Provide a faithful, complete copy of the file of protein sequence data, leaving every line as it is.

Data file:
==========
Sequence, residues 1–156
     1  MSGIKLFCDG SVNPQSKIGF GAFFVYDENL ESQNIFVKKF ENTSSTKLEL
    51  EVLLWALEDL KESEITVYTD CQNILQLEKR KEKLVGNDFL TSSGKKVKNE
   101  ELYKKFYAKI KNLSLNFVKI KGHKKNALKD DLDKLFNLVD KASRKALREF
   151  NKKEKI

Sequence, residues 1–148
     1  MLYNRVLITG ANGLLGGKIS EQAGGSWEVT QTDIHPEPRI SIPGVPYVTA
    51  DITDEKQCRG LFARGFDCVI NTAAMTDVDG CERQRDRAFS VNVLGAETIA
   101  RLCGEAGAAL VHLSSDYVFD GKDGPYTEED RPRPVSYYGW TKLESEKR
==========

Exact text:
Sequence, residues 1–156
     1  MSGIKLFCDG SVNPQSKIGF GAFFVYDENL ESQNIFVKKF ENTSSTKLEL
    51  EVLLWALEDL KESEITVYTD CQNILQLEKR KEKLVGNDFL TSSGKKVKNE
   101  ELYKKFYAKI KNLSLNFVKI KGHKKNALKD DLDKLFNLVD KASRKALREF
   151  NKKEKI

Sequence, residues 1–148
     1  MLYNRVLITG ANGLLGGKIS EQAGGSWEVT QTDIHPEPRI SIPGVPYVTA
    51  DITDEKQCRG LFARGFDCVI NTAAMTDVDG CERQRDRAFS VNVLGAETIA
   101  RLCGEAGAAL VHLSSDYVFD GKDGPYTEED RPRPVSYYGW TKLESEKR